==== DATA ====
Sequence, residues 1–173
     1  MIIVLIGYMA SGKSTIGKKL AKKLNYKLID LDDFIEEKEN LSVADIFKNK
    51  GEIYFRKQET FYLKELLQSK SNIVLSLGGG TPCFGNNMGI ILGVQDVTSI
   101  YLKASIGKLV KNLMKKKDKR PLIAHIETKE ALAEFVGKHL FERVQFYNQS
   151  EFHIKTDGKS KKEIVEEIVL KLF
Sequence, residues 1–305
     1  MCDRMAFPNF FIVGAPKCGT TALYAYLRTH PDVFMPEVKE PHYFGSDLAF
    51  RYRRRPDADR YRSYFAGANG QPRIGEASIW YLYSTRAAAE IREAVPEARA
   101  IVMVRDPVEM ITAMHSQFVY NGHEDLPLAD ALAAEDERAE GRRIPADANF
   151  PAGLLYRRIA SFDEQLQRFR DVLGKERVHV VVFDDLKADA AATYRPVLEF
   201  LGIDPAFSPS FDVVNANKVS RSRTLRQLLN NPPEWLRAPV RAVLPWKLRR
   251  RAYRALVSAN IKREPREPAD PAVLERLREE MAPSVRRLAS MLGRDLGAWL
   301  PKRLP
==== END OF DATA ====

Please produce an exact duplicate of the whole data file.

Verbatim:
Sequence, residues 1–173
     1  MIIVLIGYMA SGKSTIGKKL AKKLNYKLID LDDFIEEKEN LSVADIFKNK
    51  GEIYFRKQET FYLKELLQSK SNIVLSLGGG TPCFGNNMGI ILGVQDVTSI
   101  YLKASIGKLV KNLMKKKDKR PLIAHIETKE ALAEFVGKHL FERVQFYNQS
   151  EFHIKTDGKS KKEIVEEIVL KLF
Sequence, residues 1–305
     1  MCDRMAFPNF FIVGAPKCGT TALYAYLRTH PDVFMPEVKE PHYFGSDLAF
    51  RYRRRPDADR YRSYFAGANG QPRIGEASIW YLYSTRAAAE IREAVPEARA
   101  IVMVRDPVEM ITAMHSQFVY NGHEDLPLAD ALAAEDERAE GRRIPADANF
   151  PAGLLYRRIA SFDEQLQRFR DVLGKERVHV VVFDDLKADA AATYRPVLEF
   201  LGIDPAFSPS FDVVNANKVS RSRTLRQLLN NPPEWLRAPV RAVLPWKLRR
   251  RAYRALVSAN IKREPREPAD PAVLERLREE MAPSVRRLAS MLGRDLGAWL
   301  PKRLP